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Fox Sparrow, Len Jellicoe
Photo © Len Jellicoe

Photo: Len Jellicoe
Breeding evidence - Fox Sparrow
Breeding evidence
Probability of observation - Fox Sparrow
Probability of observation
Elevation plot - Fox Sparrow
Elevation plot

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Fox Sparrow
Passerella iliaca
Landscape associations:

Click on plot to view table of mean abundance
Elevation range:
0 - 2337 m
Conserv. status:
Not at risk
Global importance
of B.C. population:
Number of squares
ConfirmedProbablePossiblePoint counts
74 152 662 472
Long-term BBS trends
RegionYearsTrend (conf. interv.) Reliab.
Brit. Col.1970 - 2012 -0.46 (-4.98 - 5.04)Low
Canada1970 - 2012 -0.327 (-4.92 - 3.83)Low

Mean abundance by region

Bird Conservation Regions [plot]
NW Interior ForestBoreal Taiga PlainsGreat BasinNorthern RockiesN. Pacific Rainforest
0.290.08 0.130.16 0.19
Ecoprovinces [plot]
N. Boreal Mountains Taiga Plains Boreal Plains Georgia Depression Sub-Boreal Interior
0.280.09 0.070.09 0.16
S. Interior Mountains Central Interior Southern Interior S. Alaska Mountains Coast & Mountains
0.170.14 0.12  0.23

Mean abundance by habitat [plot]

Boreal Altai Fescue AlpineBoreal White and Black SpruceBunchgrassCoastal Douglas-fir
0.340.09 0.08
Coastal Mountain-heather AlpineCoastal Western HemlockEngelmann Spruce -- Subalpine FirInterior Cedar -- Hemlock
Interior Douglas-firInterior Mountain-heather AlpineMontane SpruceMountain Hemlock
Ponderosa PineSpruce -- Willow -- BirchSub-Boreal Pine -- SpruceSub-Boreal Spruce

Characteristics and Range The Fox Sparrow rustles through forest floor debris in search of food and calls a distinctive, sharp "chuck" when disturbed. It is one of the first spring songsters on the coast, its melodious, whistled "dee-o-weet-doo" often preceded by a sharp click. It is a dark, chunky sparrow and its yellowish lower mandible separates it from the similar but smaller Song Sparrow in areas where the darker forms of both species overlap. The Fox Sparrow is a short- and medium-distance migrant that breeds across boreal and montane western North America, down to sea level along the Pacific Coast, and winters along Pacific and Atlantic coasts, and to the east and south of the Great Plains (Weckstein et al. 2002). It is one of North America's most variable passerines: eighteen subspecies are recognized, which can be placed into four different groups based on plumage, migratory behavior and song. Three of these groups, consisting of at least ten subspecies, occur in British Columbia (Swarth 1924, Webster 1983, Campbell et al. 2001).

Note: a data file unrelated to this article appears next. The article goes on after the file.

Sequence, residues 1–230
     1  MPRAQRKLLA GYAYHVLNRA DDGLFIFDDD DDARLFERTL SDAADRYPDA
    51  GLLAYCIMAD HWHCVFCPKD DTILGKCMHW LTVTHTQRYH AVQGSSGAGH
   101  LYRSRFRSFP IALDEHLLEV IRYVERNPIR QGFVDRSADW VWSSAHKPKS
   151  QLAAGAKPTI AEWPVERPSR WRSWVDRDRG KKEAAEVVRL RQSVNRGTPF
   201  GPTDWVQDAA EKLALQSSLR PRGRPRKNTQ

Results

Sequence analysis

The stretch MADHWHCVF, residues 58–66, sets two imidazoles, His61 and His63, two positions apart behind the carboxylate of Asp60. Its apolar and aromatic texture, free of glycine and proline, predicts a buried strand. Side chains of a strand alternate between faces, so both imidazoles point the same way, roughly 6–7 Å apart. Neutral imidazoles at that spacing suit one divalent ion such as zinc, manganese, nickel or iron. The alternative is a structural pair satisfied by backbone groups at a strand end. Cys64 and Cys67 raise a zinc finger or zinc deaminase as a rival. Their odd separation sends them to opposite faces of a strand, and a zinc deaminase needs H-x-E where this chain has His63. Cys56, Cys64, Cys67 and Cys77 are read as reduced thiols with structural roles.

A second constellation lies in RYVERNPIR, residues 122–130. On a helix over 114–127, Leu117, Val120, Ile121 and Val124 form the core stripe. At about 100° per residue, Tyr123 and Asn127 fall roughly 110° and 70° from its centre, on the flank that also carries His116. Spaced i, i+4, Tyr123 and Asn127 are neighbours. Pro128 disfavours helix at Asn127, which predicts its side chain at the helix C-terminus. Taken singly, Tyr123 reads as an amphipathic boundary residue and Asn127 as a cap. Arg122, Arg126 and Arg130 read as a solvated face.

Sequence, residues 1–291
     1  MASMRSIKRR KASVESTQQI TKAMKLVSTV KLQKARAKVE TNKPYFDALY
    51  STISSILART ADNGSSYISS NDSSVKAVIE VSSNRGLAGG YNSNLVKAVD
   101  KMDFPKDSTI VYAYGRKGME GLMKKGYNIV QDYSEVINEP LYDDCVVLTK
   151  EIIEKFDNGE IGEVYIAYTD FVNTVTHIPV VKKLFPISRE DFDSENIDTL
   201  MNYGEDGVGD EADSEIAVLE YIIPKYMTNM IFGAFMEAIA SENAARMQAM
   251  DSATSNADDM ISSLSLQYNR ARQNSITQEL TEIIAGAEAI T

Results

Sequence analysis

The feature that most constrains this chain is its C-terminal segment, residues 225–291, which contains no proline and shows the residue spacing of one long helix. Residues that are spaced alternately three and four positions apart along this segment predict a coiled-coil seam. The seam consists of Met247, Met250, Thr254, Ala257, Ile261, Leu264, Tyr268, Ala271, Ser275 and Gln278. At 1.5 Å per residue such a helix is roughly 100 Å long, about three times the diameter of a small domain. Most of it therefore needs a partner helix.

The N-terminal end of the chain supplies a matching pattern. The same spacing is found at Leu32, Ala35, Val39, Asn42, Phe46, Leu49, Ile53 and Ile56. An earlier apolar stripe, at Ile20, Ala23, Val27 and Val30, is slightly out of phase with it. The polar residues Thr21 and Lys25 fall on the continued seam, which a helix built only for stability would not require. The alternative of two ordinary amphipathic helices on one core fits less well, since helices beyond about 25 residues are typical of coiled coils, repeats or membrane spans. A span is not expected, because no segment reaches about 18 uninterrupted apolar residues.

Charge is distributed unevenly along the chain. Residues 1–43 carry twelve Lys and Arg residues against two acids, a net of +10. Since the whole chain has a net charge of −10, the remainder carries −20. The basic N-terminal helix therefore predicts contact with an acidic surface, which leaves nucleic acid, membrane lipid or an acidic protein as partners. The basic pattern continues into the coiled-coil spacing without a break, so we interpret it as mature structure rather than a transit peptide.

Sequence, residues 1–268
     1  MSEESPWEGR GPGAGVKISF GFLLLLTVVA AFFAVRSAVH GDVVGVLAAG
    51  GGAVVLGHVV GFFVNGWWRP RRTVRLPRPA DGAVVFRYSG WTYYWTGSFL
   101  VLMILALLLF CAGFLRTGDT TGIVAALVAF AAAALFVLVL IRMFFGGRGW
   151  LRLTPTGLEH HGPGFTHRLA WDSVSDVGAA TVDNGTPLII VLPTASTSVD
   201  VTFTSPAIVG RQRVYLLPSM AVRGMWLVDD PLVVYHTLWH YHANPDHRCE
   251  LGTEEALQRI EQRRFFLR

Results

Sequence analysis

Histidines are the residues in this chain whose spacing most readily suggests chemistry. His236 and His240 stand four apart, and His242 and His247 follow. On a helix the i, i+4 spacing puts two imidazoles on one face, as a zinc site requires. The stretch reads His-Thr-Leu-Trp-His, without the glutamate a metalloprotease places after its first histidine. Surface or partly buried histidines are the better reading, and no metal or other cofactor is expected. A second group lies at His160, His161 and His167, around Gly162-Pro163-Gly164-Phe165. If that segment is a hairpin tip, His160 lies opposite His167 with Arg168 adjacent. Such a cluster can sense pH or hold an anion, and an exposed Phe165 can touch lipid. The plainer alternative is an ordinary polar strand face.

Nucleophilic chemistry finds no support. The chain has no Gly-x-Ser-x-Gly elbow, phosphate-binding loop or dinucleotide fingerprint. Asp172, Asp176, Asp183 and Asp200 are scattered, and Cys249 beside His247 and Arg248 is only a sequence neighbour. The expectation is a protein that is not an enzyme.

Distribution, Abundance, and Habitat The Fox Sparrow is a widely distributed breeding bird throughout most higher elevation and coastal parts of the province. There has been a distinct increase in the breeding season distribution of Fox Sparrow since the publication of The Birds of British Columbia in 2001, probably because Atlas coverage was more comprehensive. The Coast and Mountains (Haida Gwaii and western Vancouver Island) and the Northern Boreal Mountain ecoprovinces support the highest Probabilities of Observation and abundance, as documented in Campbell et al. (2001). The Fox Sparrow occurs at moderate PObs and abundance in the Southern Interior Mountains and the Sub-Boreal Interior ecoprovinces.

Each of the three subspecies groups occupies different habitat types (Weckstein et al. 2002), which explains the wide range of altitudes and biogeoclimatic zones used by Fox Sparrows in British Columbia. Atlas data indicate that it is most common at higher elevations, especially between 1,750 and 2,250 m, and in the Spruce-Willow-Birch, Coastal Western Hemlock, Engelmann Spruce - Subalpine Fir, and alpine biogeoclimatic zones. In coastal regions it breeds in understory of mature forest, in thickets and brushy woodland edges, and in the interior it prefers damper locations, well-vegetated riparian areas and dense streamside shrubs, at higher elevations choosing subalpine meadows with patches of small trees and shrubs.

Conservation and Recommendations There are no indications that the Fox Sparrow is of conservation concern in British Columbia. However, despite at least ten subspecies occurring here, its shy habits and preference for dense vegetation has made the collection of life history data difficult and many aspects of its ecology remain unknown (Weckstein et al. 2002). In coastal regions it is a bird of forest understory and is susceptible to loss of old-growth forest.

Marguerita (Margo) E. Hearne

Recommended citation: Hearne, M.E. 2015. Fox Sparrow in Davidson, P.J.A., R.J. Cannings, A.R. Couturier, D. Lepage, and C.M. Di Corrado (eds.). The Atlas of the Breeding Birds of British Columbia, 2008-2012. Bird Studies Canada. Delta, B.C. [14 Jul 2024]

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